How to Reduce, Reuse, & Recycle

Did You Know?

Glass, one of the most energy intensive items to make, is found in many households in different forms such as wine bottles, plates, cups, and vases. Glass takes an indefinite time to decompose, meaning it will be in the environment for longer than we know. So instead of throwing away glass, we can put it to better use. Glass food and beverage containers can be recycled over and over again. Americans generated 11.5 million tons of glass in 2013, about 27 percent of which was recovered for recycling. Making new glass from recycled glass is typically cheaper than using raw materials.
Over 10 states from the US allow residents to redeem glass containers for money. Unfortunately, Texas is not one of those states with Bottle Bills. In addition, other household glass cannot be recycled with food containers. It must be separated because of potential contaminants.



We always remember the time when a careless student (or teacher) drops a flask or cylinder and the glass material shatters. Oh no! What do we do?

Ways to Reuse Glass That Can't Be Recycled

Unfortunately, not all forms of glass are accepted at the recycling center for various reasons. The most coveted type is clear glass and mixed-color glass is not as valuable and broken glass is too difficult to sort.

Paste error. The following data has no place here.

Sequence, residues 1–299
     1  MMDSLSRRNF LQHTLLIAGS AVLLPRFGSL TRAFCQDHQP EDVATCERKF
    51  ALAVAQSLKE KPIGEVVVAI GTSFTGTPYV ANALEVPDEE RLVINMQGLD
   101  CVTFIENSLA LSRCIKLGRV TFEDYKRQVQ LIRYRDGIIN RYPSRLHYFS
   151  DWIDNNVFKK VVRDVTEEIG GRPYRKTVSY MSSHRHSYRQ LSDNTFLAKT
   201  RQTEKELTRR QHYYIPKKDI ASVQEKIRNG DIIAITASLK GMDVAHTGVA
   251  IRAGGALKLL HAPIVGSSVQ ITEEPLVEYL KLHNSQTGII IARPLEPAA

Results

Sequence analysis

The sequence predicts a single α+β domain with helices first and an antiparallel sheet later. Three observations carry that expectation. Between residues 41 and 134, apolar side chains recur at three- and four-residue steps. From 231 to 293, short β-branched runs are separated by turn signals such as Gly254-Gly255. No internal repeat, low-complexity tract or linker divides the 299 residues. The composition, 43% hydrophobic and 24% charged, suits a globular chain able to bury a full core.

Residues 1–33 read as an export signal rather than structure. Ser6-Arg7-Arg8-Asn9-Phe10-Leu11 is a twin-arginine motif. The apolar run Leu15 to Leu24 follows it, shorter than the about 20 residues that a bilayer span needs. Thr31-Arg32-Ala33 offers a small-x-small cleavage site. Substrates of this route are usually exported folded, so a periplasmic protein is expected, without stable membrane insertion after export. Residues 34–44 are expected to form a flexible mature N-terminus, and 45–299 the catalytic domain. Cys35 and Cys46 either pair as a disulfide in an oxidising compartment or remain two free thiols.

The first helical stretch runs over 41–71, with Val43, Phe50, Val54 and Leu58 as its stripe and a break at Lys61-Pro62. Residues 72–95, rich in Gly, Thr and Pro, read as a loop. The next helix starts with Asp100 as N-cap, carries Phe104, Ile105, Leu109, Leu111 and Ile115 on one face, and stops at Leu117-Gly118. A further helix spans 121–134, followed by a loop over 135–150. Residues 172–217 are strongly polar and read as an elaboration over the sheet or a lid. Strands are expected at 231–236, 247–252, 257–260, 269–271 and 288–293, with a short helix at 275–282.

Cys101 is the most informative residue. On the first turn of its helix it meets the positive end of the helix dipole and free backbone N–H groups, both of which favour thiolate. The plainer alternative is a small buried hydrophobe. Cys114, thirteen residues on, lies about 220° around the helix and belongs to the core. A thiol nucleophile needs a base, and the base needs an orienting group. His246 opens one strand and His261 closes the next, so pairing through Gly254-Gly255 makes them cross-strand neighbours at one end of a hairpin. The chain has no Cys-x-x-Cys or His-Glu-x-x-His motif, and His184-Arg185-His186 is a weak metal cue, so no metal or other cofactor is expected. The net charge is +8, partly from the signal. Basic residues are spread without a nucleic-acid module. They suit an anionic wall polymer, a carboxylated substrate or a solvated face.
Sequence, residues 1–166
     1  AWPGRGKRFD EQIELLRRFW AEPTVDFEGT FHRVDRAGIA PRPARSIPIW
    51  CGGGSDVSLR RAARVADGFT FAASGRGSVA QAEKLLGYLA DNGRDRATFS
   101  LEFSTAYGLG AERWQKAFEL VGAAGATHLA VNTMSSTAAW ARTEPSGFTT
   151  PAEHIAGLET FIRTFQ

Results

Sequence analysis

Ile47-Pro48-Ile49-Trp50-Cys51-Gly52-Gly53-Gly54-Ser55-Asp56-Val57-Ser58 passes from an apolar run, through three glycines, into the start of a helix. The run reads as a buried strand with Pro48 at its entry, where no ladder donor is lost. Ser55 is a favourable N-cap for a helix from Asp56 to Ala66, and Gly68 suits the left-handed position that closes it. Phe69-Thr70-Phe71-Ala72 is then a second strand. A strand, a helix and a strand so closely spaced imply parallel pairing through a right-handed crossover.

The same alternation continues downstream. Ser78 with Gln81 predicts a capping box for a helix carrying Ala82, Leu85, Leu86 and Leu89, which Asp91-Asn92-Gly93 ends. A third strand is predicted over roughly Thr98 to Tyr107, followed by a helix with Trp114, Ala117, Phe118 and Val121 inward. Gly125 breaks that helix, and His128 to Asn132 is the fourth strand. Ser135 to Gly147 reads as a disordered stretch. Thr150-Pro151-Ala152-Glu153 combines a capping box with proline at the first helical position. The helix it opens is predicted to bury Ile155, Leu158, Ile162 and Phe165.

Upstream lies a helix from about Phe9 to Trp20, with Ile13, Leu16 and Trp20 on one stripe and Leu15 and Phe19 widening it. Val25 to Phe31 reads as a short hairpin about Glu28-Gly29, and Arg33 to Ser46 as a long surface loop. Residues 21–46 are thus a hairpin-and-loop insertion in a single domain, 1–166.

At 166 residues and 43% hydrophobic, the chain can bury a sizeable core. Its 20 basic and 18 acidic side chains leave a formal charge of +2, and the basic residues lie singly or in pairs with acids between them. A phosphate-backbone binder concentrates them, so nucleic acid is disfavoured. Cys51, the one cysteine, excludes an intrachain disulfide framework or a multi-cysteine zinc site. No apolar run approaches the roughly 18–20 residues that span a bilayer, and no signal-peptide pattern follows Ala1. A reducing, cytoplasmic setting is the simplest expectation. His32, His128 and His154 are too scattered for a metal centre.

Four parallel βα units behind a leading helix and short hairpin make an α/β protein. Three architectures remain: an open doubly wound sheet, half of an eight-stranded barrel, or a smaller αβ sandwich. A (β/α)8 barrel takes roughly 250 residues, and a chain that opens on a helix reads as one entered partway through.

When sorting your garbage, keep in mind that the following can't be recycled:
1. Broken Glass
2. Window Glass
3. Laboratory Glass
4. Glassware
5. Ceramics
6. Mirrors
7. Light bulbs- exceptions of fluorescent ones.
8. Frosted glass

For broken glass, it’s wise to handle it with caution and use rubber gloves. If you’re going to throw it away, make sure to wrap it in newspaper or old shirts or towels and seal the contents in a plastic or paper bag.

An alternative option is to try and reuse this trash and turn it into treasure. One inexpensive way to make broken glass reusable is to put it into an old-fashioned rock tumbler— you may remember these from your youth. This process can take a while, but it produces frosted glass as well as clear, smooth glass that can be handled. Then you can incorporate the smooth-edged glass in wall, floor or table mosaics , or try designing glass sculptures and candle holders. By reusing your leftover paint, the glass can be any color you like.

DIY Projects might not be for you, so you can collect any non-recyclable glass and find a local artist or glass blower who can reuse it more effectively. These types of glass may be unwanted and challenging to handle, but you can reclaim their potential by turning the broken pieces into beautiful décor and artwork.